Item reversal (cont’d)

in our data set of 1330 items, between 83 and 86 percent of items were nonreversed (depending on the definition of reversal);

the proportion of factors (or subfactors in the case of multi-factor constructs) that do not contain reversed items was 70 percent;

only 8 percent of factors (out of 314 factors) were composed of an equal number of reversed and nonreversed items (i.e., the scale was balanced);

misresponse to negated and reversed items
Misresponse to negated and reversed items

MR → within-participant inconsistency in response to multiple items intended to measure the same construct;

theoretical explanations of mr comprehension
Theoretical explanations of MR:Comprehension
  • Careless responding (Schmitt and Stults 1985):
    • respondents fail to pay careful attention to individual items and respond based on their overall position on an issue [RMR];
    • more likely when a reversed item is preceded by a block of nonreversed items;
    • Remedies:
      • alert Rs to the presence of reversed items, avoid tedious surveys, and be careful with involuntary Rs;
      • increase Rs’ ability and avoid distractions;
      • use balanced scales, alternate the keying direction, and disperse the items;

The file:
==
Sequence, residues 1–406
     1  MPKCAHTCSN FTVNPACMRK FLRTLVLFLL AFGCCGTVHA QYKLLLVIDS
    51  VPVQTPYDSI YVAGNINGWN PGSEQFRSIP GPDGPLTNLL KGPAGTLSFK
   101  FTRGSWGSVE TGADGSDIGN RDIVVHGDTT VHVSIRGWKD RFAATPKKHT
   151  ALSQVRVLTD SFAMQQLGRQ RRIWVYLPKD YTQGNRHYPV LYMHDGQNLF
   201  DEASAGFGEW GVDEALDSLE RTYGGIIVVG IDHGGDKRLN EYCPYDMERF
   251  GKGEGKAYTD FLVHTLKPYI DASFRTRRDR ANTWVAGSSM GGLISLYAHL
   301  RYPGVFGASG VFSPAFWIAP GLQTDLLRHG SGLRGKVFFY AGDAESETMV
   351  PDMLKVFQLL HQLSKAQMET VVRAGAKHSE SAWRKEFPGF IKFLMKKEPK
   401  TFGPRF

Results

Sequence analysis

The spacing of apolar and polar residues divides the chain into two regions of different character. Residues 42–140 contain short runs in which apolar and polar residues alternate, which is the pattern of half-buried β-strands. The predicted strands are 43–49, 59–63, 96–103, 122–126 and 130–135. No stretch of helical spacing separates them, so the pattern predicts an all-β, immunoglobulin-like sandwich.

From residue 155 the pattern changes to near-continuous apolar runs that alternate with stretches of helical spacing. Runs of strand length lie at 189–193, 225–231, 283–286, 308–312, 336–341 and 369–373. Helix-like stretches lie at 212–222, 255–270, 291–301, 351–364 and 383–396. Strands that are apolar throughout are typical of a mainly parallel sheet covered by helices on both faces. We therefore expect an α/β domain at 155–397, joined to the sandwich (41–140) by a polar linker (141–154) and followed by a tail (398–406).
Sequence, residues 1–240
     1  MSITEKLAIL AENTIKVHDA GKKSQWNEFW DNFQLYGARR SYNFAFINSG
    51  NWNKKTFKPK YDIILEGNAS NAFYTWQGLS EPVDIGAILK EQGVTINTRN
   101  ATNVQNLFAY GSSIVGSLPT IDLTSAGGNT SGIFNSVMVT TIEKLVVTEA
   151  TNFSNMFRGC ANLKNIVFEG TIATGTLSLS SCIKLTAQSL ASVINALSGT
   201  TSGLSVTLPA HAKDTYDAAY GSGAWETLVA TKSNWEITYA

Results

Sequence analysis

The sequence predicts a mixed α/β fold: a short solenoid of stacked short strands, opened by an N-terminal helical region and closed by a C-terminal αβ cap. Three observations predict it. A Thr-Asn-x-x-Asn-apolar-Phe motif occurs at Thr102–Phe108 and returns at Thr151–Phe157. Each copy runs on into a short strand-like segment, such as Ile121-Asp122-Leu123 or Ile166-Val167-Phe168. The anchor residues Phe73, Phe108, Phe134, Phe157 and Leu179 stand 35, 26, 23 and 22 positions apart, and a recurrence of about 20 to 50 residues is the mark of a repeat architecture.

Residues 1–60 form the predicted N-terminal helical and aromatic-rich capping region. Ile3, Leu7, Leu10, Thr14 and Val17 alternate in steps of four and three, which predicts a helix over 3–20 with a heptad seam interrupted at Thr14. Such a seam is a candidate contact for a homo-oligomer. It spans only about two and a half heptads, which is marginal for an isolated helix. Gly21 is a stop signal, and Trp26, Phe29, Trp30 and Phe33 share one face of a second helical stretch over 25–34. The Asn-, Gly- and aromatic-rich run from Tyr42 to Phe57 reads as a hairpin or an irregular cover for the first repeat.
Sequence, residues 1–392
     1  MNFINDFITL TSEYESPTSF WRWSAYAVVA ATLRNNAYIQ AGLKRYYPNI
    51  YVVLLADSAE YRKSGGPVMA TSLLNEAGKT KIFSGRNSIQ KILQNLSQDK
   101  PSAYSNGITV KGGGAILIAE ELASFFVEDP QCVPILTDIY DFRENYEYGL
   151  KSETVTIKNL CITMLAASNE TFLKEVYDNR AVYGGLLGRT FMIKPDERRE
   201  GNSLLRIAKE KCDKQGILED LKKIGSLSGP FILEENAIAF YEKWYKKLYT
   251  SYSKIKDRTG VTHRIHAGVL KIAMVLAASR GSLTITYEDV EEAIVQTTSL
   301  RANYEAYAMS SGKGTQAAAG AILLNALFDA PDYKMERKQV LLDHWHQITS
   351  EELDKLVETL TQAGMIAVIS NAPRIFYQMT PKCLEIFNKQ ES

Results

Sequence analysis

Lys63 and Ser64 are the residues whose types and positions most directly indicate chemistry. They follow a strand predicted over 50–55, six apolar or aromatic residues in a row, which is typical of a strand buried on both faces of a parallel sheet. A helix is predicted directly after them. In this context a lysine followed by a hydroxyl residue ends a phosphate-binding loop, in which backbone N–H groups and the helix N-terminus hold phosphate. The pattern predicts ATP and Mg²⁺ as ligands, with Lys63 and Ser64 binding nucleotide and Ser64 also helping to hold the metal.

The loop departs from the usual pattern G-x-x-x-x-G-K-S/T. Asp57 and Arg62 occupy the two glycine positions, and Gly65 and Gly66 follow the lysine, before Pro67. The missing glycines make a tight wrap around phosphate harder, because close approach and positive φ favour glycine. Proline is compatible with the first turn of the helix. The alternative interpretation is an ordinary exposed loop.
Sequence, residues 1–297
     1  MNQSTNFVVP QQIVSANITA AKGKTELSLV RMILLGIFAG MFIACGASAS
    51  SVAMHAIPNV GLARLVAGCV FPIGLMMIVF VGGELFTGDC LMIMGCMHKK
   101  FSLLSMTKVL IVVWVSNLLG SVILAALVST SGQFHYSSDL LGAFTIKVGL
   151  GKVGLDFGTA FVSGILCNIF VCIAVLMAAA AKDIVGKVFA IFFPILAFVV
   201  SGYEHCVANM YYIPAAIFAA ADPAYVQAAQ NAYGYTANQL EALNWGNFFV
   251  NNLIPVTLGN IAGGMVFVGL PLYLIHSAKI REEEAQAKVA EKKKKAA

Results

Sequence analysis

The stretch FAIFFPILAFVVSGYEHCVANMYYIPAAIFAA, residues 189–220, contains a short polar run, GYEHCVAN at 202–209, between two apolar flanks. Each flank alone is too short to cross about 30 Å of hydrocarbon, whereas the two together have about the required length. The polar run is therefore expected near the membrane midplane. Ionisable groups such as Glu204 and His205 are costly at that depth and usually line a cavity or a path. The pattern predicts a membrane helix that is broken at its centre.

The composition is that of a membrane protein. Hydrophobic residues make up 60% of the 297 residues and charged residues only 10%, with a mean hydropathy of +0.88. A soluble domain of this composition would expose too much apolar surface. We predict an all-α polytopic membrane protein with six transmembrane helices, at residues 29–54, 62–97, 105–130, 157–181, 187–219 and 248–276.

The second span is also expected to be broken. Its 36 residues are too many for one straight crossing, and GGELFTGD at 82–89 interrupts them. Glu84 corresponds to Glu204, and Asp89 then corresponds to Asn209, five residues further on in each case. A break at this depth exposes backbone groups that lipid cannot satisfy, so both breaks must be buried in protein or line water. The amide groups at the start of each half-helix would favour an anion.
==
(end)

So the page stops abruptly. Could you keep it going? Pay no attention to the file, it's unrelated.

theoretical explanations of mr comprehension cont d
Theoretical explanations of MR:Comprehension (cont’d)
  • Reversal ambiguity:
    • Rs may not view antonyms as polar opposites [POMR];
    • contradictories vs. contraries:
      • Antonyms can be contradictories or contraries, depending on whether they are bounded or unbounded (Paradis and Willners 2006);
      • Negations of the same core concept are clearly contradictories, but things are more complicated when the core concept differs;
    • simultaneous disagreement is more likely when items are worded extremely (McPherson and Mohr 2005);
    • “Buddhism’s ontology and epistemology appear to make East Asians relatively comfortable with apparent contradictions” (Wong et al. 2003, p. 86) [RMR];
theoretical explanations of mr comprehension cont d1
Theoretical explanations of MR:Comprehension (cont’d)
  • Remedies:
    • use more sophisticated procedures to identify appropriate antonyms (formulate linguistic contrasts in two stages; see Dickson and Albaum 1977);
    • may be particularly useful in cross-cultural research;
    • bounded antonyms have to be pretested and unbounded antonyms have to be used with care;
    • extreme statements should be avoided;
theoretical explanations of mr retrieval
Theoretical explanations of MR:Retrieval
  • Item-wording effects:
    • Confirmation bias (Davies 2003; Kunda et al. 1993);
    • Directly applicable to antonymic reversals;
    • For negation reversals, confirmation bias can lead to MR if a non-negated polar opposite schema is readily available (Mayo et al. 2004);
    • Remedies:
      • Use polar opposite reversals to get richer belief samples, even though they may increase apparent MR;
      • Negation reversals have few retrieval benefits;
theoretical explanations of mr retrieval1
Theoretical explanations of MR:Retrieval
  • Positioning effects: